Martin Lewis advises on opening a Lifetime ISA
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As the cost of living crisis continues to squeeze Britons everyday finances, many are turning to their LISAs to access much needed cash to help them with risings costs. However, by doing this, savers will be hit with the charge of 25 percent of what they withdraw if they use the money for something other than the specific purposes of the LISA. According to HMRC figures, a record number of 77,500 people were hit with the early withdrawal charge in 2021-22 totalling £33million.
This is an increase of nearly 30,000 people since 2020-21 and nearly a 70,000 increase since 2018-19.
However, the £33million is £1million less than 2020-21 as many dipped into their savings during the COVID-19 pandemic.
The Government announced the reduced rate in June 2020 and said savers could claim back the extra five percent charge they received if they withdrew money from their LISA from March 2020.
In April 2022, 8,900 LISA savers made unauthorised withdrawals worth over £14million.
This peak mirrored the time when inflation hit the forty year high of 9 percent.
This figure is the highest figure for the year with the average unauthorised withdrawal being £1,611.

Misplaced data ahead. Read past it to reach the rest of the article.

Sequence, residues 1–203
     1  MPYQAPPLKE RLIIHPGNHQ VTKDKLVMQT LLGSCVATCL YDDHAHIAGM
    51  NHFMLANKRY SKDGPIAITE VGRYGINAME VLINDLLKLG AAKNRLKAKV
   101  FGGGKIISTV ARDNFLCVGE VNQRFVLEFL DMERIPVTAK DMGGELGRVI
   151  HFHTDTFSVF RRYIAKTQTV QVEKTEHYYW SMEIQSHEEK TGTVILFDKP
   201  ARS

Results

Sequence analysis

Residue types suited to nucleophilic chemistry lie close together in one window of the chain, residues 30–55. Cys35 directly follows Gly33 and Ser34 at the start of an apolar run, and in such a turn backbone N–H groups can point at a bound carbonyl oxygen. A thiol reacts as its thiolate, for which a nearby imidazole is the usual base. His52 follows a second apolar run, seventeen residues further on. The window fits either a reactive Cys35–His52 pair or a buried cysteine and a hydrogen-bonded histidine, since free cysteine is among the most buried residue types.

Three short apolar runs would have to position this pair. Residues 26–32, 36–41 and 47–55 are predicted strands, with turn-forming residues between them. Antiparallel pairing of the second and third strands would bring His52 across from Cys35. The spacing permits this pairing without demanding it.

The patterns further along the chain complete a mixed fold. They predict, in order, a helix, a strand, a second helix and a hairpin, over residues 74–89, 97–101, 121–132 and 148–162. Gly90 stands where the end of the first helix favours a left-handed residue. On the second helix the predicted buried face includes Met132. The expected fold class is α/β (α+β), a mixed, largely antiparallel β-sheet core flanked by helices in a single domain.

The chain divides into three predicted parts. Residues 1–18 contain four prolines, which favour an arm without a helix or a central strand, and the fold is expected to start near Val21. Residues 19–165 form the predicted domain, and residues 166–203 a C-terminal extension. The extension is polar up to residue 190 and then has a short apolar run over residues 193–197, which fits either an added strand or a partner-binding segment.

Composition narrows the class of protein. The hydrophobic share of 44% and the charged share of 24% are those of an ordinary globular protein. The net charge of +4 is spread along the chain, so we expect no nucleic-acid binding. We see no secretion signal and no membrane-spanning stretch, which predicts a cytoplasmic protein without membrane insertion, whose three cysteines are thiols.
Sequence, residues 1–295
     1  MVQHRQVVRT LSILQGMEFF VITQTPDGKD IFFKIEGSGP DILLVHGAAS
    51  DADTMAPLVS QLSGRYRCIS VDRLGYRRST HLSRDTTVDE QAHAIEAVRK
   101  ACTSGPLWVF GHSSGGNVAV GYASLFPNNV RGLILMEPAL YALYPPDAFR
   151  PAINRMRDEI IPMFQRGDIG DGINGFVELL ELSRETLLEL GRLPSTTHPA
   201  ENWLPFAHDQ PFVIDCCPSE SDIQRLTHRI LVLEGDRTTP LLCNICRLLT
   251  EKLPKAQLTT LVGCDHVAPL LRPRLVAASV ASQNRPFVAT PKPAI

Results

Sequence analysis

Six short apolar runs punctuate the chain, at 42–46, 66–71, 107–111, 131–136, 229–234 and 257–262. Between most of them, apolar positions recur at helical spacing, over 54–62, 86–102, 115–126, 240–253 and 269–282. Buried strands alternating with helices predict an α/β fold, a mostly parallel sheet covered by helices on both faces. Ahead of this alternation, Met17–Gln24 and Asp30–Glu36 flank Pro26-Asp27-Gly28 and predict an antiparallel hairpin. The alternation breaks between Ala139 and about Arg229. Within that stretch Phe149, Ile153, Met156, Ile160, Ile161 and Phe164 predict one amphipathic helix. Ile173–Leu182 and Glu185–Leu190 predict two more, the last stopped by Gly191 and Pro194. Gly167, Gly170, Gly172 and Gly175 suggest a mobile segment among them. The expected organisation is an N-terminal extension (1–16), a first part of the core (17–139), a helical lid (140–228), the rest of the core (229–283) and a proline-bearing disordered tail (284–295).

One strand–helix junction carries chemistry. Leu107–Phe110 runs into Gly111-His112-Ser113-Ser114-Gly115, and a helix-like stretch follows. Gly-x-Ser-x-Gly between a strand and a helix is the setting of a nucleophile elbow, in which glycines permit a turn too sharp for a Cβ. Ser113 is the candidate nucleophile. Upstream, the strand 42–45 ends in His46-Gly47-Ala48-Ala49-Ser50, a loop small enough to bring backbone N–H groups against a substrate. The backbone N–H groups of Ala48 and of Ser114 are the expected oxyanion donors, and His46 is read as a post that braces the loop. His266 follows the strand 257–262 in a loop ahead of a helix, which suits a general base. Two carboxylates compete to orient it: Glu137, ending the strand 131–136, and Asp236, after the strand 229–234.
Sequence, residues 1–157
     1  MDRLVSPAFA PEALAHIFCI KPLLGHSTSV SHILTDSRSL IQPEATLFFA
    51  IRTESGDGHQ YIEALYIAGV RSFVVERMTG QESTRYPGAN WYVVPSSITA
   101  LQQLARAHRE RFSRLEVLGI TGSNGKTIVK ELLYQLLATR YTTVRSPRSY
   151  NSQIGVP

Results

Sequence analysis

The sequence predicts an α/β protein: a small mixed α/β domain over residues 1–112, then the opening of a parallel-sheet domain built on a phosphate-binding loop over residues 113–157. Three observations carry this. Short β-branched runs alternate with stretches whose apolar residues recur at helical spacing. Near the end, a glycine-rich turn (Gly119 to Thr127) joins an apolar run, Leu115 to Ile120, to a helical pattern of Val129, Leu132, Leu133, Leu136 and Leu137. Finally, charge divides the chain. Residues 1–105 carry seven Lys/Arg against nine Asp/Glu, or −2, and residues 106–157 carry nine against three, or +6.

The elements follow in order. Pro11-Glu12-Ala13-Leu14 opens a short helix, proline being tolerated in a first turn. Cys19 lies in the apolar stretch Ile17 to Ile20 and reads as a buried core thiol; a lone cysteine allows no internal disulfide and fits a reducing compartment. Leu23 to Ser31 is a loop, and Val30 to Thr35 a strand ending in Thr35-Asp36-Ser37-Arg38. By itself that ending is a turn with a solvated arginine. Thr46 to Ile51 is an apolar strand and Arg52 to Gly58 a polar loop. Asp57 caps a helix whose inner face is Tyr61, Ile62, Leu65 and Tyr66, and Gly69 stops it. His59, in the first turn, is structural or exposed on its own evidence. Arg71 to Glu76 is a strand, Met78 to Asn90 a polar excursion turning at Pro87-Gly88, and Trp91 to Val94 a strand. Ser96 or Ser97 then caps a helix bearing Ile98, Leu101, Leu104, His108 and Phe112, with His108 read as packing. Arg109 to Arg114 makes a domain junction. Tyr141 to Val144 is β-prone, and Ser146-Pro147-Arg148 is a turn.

Over the 2021-22 tax year the average unauthorised withdrawal sat at £1,706.
The Treasury has been urged to cut the LISA early withdrawal charge as the cost of living crisis will force savers to dip into their pot earlier than planned.
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Introduced in April 2017, the Lifetime Individual Savings Account aimed to aid first-time buyers in saving for a house and help provide a more “easy-access” way of saving for retirement.
Britons can put up to £4,000 a year into their LISA with the Government then paying 25 percent of what has been put in.
This could mean that a saver could receive a free cash bonus of £1,000 as well as earn tax free interest on the savings.
Anyone between the ages of 18 and 39 can open a LISA and can keep adding to the pot until they are 50 years old.
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